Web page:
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Obama Unveils Jobs Plan, Calls on Congress to Pass

By Chuck Sudo in News on Sep 9, 2011 2:20PM

Speaking with force, authority and with bass in his voice he hasn't used in a couple of years, President Obama unveiled his wide-ranging jobs bill, brilliantly titled “The American Jobs Act," last night during a joint session of Congress. A $447 billion package of tax cuts and government spending that incorporates ideas from both political parties, Obama repeated to Congress during his 32-minute speech they should pass this bill and he will make sure they're held accountable if the bill stalls.

The bill calls for $200 billion in new spending, mainly in infrastructure repair, and $240 billion in tax cuts. (The Tribune breaks it down with this handy graphic.) The latter may seem like a lot but New York Times columnist and Nobel Prize winner Paul Krugman breaks it down and finds the plan to his liking.

"The lingering effects of the housing bust and the overhang of household debt from the bubble years are creating a roughly $1 trillion per year hole in the U.S. economy, and this plan — which wouldn’t deliver all its benefits in the first year — would fill only part of that hole. And it’s unclear, in particular, how effective the tax cuts would be at boosting spending.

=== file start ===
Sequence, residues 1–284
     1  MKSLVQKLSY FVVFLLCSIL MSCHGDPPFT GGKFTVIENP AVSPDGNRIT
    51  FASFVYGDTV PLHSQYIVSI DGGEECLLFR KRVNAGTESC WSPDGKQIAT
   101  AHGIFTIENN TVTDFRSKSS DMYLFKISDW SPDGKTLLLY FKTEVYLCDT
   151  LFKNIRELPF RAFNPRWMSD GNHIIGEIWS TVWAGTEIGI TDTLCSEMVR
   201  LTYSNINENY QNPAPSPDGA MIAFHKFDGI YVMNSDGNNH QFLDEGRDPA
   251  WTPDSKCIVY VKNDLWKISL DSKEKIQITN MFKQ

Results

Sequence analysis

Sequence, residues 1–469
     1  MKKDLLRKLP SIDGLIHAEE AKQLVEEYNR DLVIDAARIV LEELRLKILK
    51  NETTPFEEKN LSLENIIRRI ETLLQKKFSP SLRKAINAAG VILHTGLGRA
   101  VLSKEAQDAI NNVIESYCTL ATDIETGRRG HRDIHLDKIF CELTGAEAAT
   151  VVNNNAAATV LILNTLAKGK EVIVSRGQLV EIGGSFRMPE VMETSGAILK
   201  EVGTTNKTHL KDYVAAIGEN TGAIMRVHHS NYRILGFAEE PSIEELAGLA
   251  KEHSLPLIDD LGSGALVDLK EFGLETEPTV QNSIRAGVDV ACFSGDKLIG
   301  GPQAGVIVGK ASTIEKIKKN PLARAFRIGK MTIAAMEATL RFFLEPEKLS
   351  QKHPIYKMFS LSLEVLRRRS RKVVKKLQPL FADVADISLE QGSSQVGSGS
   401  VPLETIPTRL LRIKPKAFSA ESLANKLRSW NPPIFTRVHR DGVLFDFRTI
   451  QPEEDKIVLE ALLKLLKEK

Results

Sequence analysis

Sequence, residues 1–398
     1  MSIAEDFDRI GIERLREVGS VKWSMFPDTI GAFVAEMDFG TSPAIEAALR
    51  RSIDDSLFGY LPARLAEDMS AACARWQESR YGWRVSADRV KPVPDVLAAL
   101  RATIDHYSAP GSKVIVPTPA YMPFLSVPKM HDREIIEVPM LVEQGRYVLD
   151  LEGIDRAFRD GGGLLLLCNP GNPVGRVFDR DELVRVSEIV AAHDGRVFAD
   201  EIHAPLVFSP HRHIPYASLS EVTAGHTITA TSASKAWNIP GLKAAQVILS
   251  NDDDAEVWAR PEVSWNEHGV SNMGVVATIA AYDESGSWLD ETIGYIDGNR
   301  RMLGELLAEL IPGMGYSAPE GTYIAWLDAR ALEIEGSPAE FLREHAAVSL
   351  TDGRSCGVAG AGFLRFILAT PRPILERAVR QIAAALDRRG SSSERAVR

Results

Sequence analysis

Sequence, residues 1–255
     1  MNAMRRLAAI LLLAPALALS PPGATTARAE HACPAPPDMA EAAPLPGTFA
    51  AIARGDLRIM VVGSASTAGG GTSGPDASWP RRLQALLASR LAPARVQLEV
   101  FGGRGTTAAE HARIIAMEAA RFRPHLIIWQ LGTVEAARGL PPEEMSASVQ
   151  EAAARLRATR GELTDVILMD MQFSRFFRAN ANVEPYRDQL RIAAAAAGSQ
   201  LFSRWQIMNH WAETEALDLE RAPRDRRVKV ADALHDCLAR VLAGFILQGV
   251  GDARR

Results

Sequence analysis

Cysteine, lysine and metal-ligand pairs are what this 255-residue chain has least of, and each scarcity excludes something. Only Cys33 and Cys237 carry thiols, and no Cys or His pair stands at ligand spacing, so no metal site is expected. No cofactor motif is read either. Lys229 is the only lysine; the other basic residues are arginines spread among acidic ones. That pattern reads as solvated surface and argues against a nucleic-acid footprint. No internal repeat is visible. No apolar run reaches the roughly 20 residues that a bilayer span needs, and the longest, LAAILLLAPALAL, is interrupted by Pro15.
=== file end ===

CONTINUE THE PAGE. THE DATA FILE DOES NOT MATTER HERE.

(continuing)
Still, the plan would be a lot better than nothing, and some of its measures, which are specifically aimed at providing incentives for hiring, might produce relatively a large employment bang for the buck."

Others, like Sun-Times financial columnist Terry Savage, are more skeptical.

"The spending cuts of last July will be increased. But those weren’t real cuts — only smaller spending increases than had previously been projected. And his promise that the “Super Committee” would be tasked to find even more spending cuts presumes they can find the required $1.5 trillion in the first place!"

The President, seeming to finally understand the biggest obstacle to a second term is tackling unemployment, geared the speech to those undecided voters who will determine whether or not he's re-elected next year. The plan's details also seemed geared such so the President will be taking this out on the road to gain support. Kentucky Senator Mitch McConnell derided the Obama jobs plan as "a re-election plan."

Congressional Republicans sat silent through most of the speech, but many indicated there were some good starting points in the plan. Obama did take the time during the speech to promise to hold firm and not let discussion over the bill's passage open the door to further deregulation. “What we can’t do — what I won’t do — is let this economic crisis be used as an excuse to wipe out the basic protections that Americans have counted on for generations," the president said.